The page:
Have You Ever Wondered About Who Owns Our Oceans, Or Rather, Which Countries Have Control Over Them?

Ivan Kurmyshov - illustrative purposes only

Have you ever wondered which countries have control over certain parts of the planet’s oceans?

Technically, as all of the oceans on the planet are connected, no one can own an ocean. They all belong to everyone on earth, and they’re for us to share. However, every country can claim its exclusive economic zones, equivalent to 200 nautical miles of ocean off their coastlines.

Through these exclusive economic zones, countries can utilize the ocean’s natural resources, including oil, gas, and fish.

So what about the areas of the oceans that don’t apply to any country’s exclusive economic zones? Those are considered international waters, and any country can still access them, but they must follow maritime laws.

Maritime laws include regulations that govern all nautical matters like conservation, fishing, navigation, etc. It stresses freedom of the high seas, meaning the ocean is for all. However, humans were quick to abuse the oceans, especially when acquiring oil.

By the 1960s, it became clear that humans worldwide were beginning to destroy oceanic life. In 1967, a delegate proposed to the United Nations a way to agree on each country using the oceans more responsibly.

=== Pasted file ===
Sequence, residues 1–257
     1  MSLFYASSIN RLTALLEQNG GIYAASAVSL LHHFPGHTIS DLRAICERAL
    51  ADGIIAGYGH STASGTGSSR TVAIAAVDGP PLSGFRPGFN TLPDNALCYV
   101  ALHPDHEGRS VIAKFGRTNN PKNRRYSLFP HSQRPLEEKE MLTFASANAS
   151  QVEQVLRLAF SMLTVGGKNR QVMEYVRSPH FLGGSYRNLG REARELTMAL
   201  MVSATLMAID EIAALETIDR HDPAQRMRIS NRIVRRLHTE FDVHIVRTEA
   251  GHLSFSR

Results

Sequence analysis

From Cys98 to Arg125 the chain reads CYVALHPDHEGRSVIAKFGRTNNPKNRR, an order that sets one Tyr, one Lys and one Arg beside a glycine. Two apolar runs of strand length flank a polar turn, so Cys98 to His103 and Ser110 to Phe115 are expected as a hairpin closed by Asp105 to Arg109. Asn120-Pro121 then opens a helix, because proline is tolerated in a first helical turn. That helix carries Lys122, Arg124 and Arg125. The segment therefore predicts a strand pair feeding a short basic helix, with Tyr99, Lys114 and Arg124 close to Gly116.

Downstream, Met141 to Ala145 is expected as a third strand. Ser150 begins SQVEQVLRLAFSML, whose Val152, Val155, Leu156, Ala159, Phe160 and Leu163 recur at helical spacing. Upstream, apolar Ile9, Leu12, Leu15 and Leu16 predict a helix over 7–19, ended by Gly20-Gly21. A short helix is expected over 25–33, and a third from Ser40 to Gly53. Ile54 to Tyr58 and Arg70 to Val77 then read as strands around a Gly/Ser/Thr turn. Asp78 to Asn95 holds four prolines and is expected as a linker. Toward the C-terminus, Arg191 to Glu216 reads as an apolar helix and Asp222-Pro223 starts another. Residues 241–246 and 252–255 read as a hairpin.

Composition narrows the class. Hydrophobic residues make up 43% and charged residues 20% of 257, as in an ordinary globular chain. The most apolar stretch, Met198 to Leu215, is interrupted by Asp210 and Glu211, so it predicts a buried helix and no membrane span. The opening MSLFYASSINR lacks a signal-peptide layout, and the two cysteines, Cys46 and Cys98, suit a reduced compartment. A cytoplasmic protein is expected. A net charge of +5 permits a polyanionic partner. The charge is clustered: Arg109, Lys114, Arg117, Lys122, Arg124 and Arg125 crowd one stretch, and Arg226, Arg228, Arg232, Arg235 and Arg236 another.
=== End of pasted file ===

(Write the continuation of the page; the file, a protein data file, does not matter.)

Figuring out this matter took the United Nations a whopping 15 years until they could produce the United Nations Convention on the Law of the Sea, which was completed in 1982 and put into motion in 1994. It set out a legal framework for all marine activities and established various customs, stating that while the oceans are for all, no nation can have sovereignty over them.

Other rules and regulations laid out by the convention included the ban on testing nuclear weapons in international waters.

As many of us know, pollution and global warming have worsened, making our oceans more vulnerable than ever. But recently, the United Nations settled on common ground to take better care of our planet’s oceans through the High Seas Treaty, which was formally adopted in June 2023.

Ivan Kurmyshov – illustrative purposes only

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